The Business of Shipping

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Cornell Maritime Press, Jan 1, 2001 - Business & Economics - 453 pages
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Long acknowledged as the most comprehensive and authoritative book in its field, The Business of Shipping describes and analyzes the shipping business as it exists today. It will be useful to professionals who are currently specialists in one branch of the business, but only marginally knowledgeable about its other aspects. It will also familiarize transportation students and newcomers to the industry with the many facets of the shipping enterprise and the international movement of cargo. It can serve as the basic volume for any course in marine transportation.

The topics covered include the significance of marine transportation; government involvement in regulating the industry; tramp shipping; liner service; the passenger cruise business; vessel management; cargo documentation; shoreside activities, such as terminal operations, ship husbandry, and bunkering procedures; and the actual functioning of the many segments of a shipping company operation. The book's scope is broader and more attuned to the working of the industry than most other books on marine transportation.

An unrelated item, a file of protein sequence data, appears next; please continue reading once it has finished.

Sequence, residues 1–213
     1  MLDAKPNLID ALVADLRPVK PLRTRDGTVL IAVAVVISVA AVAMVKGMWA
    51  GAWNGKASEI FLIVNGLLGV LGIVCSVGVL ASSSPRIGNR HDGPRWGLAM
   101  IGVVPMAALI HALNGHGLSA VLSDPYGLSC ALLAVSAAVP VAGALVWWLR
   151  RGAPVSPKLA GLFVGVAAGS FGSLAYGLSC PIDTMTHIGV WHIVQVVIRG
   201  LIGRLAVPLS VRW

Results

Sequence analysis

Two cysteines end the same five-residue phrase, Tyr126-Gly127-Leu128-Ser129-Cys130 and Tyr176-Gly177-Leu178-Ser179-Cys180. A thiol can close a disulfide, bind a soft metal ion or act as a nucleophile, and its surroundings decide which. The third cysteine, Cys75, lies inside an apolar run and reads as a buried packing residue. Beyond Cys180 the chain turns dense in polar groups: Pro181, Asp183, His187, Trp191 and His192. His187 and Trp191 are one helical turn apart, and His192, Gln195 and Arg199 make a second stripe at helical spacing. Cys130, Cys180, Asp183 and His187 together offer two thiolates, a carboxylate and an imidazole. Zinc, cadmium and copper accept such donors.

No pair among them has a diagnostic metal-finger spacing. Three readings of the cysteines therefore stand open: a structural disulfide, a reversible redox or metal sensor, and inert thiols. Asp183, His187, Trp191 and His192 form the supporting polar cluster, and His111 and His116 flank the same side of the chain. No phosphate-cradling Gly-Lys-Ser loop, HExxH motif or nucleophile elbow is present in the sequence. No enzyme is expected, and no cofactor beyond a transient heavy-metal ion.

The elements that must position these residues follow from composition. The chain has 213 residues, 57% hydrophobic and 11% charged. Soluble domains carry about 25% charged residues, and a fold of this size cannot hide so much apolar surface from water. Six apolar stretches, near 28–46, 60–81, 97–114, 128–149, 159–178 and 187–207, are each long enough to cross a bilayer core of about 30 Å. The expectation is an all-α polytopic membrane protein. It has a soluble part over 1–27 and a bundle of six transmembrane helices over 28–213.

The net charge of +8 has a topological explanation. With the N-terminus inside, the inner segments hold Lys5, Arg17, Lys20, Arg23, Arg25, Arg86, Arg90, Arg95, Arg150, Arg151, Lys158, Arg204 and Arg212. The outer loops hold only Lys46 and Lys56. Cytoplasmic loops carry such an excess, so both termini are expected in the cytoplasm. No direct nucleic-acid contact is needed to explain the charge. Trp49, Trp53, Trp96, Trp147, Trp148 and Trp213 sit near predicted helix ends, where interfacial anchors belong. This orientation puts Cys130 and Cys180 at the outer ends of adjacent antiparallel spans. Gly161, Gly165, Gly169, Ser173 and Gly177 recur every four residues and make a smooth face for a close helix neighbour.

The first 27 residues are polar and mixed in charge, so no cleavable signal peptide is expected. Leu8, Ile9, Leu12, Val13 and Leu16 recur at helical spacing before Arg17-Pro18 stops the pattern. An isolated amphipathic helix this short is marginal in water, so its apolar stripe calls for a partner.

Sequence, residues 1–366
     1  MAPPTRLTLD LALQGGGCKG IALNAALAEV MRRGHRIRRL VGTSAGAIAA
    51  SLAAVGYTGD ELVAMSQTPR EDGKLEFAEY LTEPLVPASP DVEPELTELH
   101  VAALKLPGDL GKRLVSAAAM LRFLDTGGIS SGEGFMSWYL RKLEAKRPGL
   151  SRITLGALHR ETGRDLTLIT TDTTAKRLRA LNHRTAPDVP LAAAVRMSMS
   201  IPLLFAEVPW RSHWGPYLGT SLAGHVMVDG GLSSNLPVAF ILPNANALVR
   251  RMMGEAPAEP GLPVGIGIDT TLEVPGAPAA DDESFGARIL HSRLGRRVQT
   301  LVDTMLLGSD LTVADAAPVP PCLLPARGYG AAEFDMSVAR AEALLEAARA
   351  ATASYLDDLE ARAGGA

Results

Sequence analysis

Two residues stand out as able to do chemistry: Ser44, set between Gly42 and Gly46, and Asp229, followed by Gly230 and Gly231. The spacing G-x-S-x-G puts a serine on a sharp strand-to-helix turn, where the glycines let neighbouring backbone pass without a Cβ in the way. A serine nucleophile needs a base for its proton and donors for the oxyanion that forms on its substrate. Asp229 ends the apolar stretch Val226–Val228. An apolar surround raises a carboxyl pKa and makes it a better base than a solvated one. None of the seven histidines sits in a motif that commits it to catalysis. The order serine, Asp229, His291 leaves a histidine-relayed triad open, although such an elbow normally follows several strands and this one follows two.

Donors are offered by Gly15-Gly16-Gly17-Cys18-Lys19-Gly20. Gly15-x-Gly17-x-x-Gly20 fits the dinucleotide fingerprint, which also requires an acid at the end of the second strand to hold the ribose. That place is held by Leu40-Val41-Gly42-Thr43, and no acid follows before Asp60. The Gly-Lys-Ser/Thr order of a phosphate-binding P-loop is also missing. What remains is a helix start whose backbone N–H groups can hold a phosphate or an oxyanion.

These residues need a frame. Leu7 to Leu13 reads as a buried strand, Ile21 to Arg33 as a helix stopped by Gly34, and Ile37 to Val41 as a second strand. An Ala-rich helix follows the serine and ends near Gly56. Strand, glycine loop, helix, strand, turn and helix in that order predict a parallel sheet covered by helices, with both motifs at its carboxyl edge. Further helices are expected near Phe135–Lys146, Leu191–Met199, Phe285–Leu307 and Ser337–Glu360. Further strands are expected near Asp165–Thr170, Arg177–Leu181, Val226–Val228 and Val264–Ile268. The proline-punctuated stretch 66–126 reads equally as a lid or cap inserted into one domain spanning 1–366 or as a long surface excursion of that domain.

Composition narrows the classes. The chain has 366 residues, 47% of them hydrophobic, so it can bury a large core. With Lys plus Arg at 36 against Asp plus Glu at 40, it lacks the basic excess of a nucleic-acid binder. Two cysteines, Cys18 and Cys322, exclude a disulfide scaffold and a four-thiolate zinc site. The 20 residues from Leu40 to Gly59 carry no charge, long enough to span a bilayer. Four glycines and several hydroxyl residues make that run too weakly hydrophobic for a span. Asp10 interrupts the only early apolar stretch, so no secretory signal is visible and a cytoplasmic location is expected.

While a good deal of the material from the sixth edition has been retained, new and up-to-date information has been added to reflect the many recent developments in the industry.

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Regulatory Involvement in Maritime Transportation
Its Management and Operations

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About the author (2001)

Michael Root is Professor of Systematic Theology at The Catholic University of America and Executive Director of the Center for Catholic and Evangelical Theology. He was formerly the Director of the Institute for Ecumenical Research, Strasbourg, France. James J. Buckley is Professor of Theology at Loyola University Maryland. He is a member of the North American Lutheran Catholic dialogue and an associate director of the Center for Catholic and Evangelical Theology. He contributed to and edited The Blackwell Companion to Catholicism (2008).

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